[1675. Oct. ?] Complaint of James Percy, cousin and next heir male to Joscelin Percy, Earl of Northumberland, deceased, to the House of Commons. Stating the proceedings in ejectment in which Robert Utting, the lessee of the said Percy, was plaintiff, and Sir John Copleston, the trustee of Elizabeth, Lady Clifford, was defendant, for the recovery of lands in Cannington and Rodaway, Somersetshire, and the order of the House of Lords of 28 May, 1675 (printed in Lords' Journals, Vol. XII, p. 707), on Lady Clifford's petition, stopping the proceedings therein during the privilege of Parliament, and that, though Sir John had offered to waive his privilege, provided the plaintiff gave security for costs, which was done, he then refused to do so, that 15 June, the day appointed for trial, Percy appeared with his witnesses and begged that the trial might go on, because Lady Clifford was never named in the suit, and other persons concerned were sheltering themselves under her pretended privilege, but the defendant alleged the order of the House of Lords and declared they stood on the privilege of Parliament, so the plaintiff's counsel dared not plead and the trial was put off, and praying their serious considerations therein and to blow over this black cloud of oppression by a brisk gale of justice. On his last complaints the House adjourned a further debate for a fortnight, but parliament was prorogued the same day. He has continued his claim above five years. [Printed paper. S.P. Dom., Car. II. 379, No. 68.]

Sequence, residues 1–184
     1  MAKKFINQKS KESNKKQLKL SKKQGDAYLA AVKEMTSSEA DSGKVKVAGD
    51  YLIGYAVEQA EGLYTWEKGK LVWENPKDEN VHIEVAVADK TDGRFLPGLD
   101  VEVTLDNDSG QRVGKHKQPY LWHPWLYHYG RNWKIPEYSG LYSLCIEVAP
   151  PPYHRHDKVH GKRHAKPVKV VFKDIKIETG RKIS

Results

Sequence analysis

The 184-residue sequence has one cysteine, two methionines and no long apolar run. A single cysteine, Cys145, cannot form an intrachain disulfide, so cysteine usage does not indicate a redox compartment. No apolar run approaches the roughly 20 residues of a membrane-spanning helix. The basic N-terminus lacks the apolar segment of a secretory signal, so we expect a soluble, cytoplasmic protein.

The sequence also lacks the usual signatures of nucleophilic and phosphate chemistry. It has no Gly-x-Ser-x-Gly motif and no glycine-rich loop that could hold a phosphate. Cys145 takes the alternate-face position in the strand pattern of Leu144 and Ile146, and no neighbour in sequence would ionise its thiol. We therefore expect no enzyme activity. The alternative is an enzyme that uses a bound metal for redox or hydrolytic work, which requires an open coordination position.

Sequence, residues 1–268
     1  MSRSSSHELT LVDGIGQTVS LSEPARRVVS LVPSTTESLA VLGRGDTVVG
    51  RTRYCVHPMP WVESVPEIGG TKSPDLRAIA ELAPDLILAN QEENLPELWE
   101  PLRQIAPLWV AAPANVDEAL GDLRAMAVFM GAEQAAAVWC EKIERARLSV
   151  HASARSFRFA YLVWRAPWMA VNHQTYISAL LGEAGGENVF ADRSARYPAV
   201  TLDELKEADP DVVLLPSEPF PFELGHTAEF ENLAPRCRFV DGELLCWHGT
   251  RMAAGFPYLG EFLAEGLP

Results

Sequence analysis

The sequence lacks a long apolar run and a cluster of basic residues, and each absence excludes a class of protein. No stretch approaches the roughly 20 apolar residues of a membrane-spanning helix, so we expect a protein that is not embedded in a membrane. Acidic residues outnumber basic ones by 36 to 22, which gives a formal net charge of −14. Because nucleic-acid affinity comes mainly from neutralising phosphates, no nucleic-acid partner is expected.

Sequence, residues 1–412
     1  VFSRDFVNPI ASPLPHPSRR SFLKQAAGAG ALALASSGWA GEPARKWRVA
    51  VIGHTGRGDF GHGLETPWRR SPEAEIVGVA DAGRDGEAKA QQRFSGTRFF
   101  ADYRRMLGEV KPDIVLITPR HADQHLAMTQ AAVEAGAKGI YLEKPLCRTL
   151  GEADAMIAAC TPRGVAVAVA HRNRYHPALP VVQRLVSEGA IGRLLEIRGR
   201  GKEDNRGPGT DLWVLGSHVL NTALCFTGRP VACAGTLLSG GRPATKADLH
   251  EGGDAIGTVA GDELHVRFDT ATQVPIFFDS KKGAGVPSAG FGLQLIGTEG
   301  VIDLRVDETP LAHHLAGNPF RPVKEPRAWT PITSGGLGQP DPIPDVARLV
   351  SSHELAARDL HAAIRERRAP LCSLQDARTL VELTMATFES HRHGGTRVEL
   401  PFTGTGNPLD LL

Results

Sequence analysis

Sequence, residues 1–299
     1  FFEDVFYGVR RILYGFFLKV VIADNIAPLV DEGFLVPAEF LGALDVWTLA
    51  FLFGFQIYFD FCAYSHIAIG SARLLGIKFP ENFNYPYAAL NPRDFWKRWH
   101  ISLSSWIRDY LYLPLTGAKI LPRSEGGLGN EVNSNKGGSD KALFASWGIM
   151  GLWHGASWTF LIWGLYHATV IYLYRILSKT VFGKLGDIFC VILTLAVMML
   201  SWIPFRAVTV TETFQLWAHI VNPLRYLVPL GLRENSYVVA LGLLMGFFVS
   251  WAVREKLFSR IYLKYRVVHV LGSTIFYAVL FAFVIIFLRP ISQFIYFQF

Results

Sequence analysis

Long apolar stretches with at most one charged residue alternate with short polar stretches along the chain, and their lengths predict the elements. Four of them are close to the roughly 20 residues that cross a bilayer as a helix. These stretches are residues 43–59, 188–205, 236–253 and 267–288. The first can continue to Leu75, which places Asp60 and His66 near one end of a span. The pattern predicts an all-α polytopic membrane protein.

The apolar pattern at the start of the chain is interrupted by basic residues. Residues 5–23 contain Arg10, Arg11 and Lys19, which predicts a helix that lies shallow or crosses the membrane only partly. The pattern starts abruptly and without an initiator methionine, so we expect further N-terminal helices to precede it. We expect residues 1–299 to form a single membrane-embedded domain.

[1675 ? Oct. ?] David Walter, one of the Grooms of the Bedchamber, to the King. Petition, stating that the estate of Daniel O'Brien, Viscount Clare, is in arrear for quit-rent, which can no otherwise be paid but by a seizure of the same to his Majesty's use, and, as several persons are petitioning for a custodium of the same, which, if granted to any stranger, may ruin the houses, the other improvements and the tenants thereon, and destroy the said estate, praying for a grant to the petitioner of a custodium thereof at such rent as his Majesty may think fit, that so the said Viscount and his wife, who are the petitioner's relations, may not only subsist and the ancient crown rents thereout be answered, but also so much of the arrear and growing quit-rents may be secured, as his Majesty shall continue on the report which shall be made in this case by the commissioners for Irish affairs, before whom the same now depends. (See ante, pp. 344, 345.) [S.P. Ireland, Car. II. 337, No. 11.]
[Before Nov., 1675.] William Ryley to Fabian Phillips. I send you this again with the copy of the petition enclosed which concerns the first part. If it be not worded according to this petition, I doubt it may not be useful, if not well considered. Pray look this up and put this and the next into a certain method. Written on the back of an extract from the Parliament Roll of 46 Edw. III. No. 43, being a petition with the King's answer relating to the Search and Exemplification of Records. On the back is also written a request by J. Borough for permission to search about the manor of Haddenham, Buckinghamshire, and what privileges belong to it. [Ryley died in Nov., 1675. S.P. Dom., Car. II. 379, No. 69.]